That’s young Bob Bondurant on his grandmother’s porch in Westwood Village. Can you guess w
The Great Depression altered countless lives and maybe some for the better. Bob Bondurant was born in Evanston, Illinois, in 1933. Bob’s father owned a car dealership that sold fast cars in nearby Chicago; very fast cars—Cords to be exact.
The Depression caused Mr. Bondurant (and Cord) to fall victim to hard times when he lost his business, telling the family, we’re going to move as far west as we can. They moved to Westwood Village, near Beverly Hills, when Bob was 3 years old. Bob’s father bounced back, becoming a surgical instrument sale representative once in California.
Certainly Bob’s life was altered for the better as he was a bona fide Californian now going to Union High School in Westwood. More importantly, he was in hot rod country that flourished 365 days a year rather than the “Windy City” area whose average temp was 49 degrees F.
“I was always into cars and motorcycles. My dad took me to Gilmore Stadium when I was 7 to watch the races and that got me interested in racing. I delivered the Hollywood newspaper on my Schwinn bicycle,” Bob begins. “I did a jump on my bike and the springer fork came off and I went end-over-end, put the fork back together, and rode home. I talked my mom into letting me get a Whizzer motor bike. I paid for it with my paper route money. The Whizzer got me into two wheels and from there I got a 125cc James two-stroke motorcycle. It was really cool because I could do wheelies with it. There was a Harley motorcycle shop near where I lived and they wanted to ride my James motorcycle and do wheelies with it. I said, ‘OK if you let me ride your Harley’, there was a vacant lot and we made an oval out of it which had some jumps. That’s how I learned to ride motorcycles,” Bob laughs.
How far removed was Bob’s mean ’n’ nasty chopped ’34 coupe that he raced at Santa Ana Drag
“A buddy’s mother would go to the movies every Thursday night. She had a Chrysler. He called me asking, ‘Do you know how to drive?’ Oh sure! I was riding motorcycles but I hadn’t driven a car yet. I learned to drive in my buddy’s mom’s Chrysler,” Bob chuckles.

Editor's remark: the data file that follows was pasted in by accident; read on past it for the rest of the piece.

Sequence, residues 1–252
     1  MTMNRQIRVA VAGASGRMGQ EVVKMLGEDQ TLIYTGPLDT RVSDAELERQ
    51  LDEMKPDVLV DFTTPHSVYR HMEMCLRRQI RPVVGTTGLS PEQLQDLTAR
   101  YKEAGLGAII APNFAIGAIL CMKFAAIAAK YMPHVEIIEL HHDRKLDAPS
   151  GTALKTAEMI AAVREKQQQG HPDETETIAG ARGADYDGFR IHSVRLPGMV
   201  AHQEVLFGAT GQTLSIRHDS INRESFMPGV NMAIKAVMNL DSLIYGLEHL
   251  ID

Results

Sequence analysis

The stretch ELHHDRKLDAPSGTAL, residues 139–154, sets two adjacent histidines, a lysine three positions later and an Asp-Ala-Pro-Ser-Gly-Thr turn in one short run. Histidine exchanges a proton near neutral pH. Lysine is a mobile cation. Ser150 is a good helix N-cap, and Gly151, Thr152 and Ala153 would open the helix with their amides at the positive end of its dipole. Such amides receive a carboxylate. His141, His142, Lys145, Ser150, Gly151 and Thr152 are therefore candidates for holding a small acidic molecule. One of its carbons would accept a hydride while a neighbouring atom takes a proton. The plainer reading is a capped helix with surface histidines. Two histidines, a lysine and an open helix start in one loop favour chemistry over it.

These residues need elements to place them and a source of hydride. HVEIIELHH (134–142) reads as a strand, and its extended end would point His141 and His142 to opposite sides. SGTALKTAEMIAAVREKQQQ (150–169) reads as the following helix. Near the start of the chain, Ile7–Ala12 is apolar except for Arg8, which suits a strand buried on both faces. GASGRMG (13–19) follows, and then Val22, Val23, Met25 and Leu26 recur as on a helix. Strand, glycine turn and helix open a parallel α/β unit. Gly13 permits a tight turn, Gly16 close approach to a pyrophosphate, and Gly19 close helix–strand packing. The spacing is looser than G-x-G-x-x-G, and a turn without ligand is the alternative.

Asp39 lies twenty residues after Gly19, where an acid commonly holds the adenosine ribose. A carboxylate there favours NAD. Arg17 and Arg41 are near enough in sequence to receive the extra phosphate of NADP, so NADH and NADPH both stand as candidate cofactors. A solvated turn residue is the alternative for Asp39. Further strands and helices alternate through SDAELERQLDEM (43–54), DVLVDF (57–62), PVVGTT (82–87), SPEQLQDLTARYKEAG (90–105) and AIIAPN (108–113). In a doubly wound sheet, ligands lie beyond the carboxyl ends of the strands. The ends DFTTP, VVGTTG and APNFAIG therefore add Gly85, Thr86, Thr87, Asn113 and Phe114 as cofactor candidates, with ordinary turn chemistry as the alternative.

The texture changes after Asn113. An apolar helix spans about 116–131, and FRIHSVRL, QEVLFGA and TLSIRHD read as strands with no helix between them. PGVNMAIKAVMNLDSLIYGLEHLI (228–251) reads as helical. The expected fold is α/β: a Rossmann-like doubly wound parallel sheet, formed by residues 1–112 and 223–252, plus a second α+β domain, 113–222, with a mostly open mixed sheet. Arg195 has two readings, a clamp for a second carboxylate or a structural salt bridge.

“I talked my mom into letting me get a ’32 Chevy roadster when I was in junior high; at 14 you could get a Junior Operating License. She said, ‘You can’t do that.’ I told her it didn’t work. A buddy had a car so we towed it with a rope around a corner to my house and the rear wheels came off. The only thing wrong with it was the head and manifold were off. I had it running in two days. Me and my buddies drove all over in that thing. I bought it for $40.”
Rods and a Custom
Bob acquired the ultimate for any hot rodder, a severely chopped ’34 Ford three-window coupe: “I found a chopped-and-channeled ’34 coupe on a used car lot and I went drag racing with it at Santa Ana. It was boring because you’d run down the dragstrip—that part was great, but then it took a half-hour before you got to do it again.”
Bob later had a ’40 Ford he drag raced at Santa Ana, but Bob, ever the hot rodder, was ready to slow down the pace a bit with one cool street cruiser, a tail-draggin’ ’41 Ford custom. “It had Edelbrock heads and intake manifold, plus a light flywheel; it was a sleeper.
“We moved near Pasadena to La Cañada by the Angeles Crest Highway. We used to go to my aunt’s house for Christmas dinner and my cousin had a big four-door Jag Mark VII. I took his Jag up the mountain road—it handled really well, much better than my Ford. He talked me into going to a sports car race at the Santa Barbara airport course. I’d never been to one before and I really liked watching them race.
“My mom and dad had divorced, then mom died when I was 16. I moved to Bishop, California, where I was living with my Aunt Ella.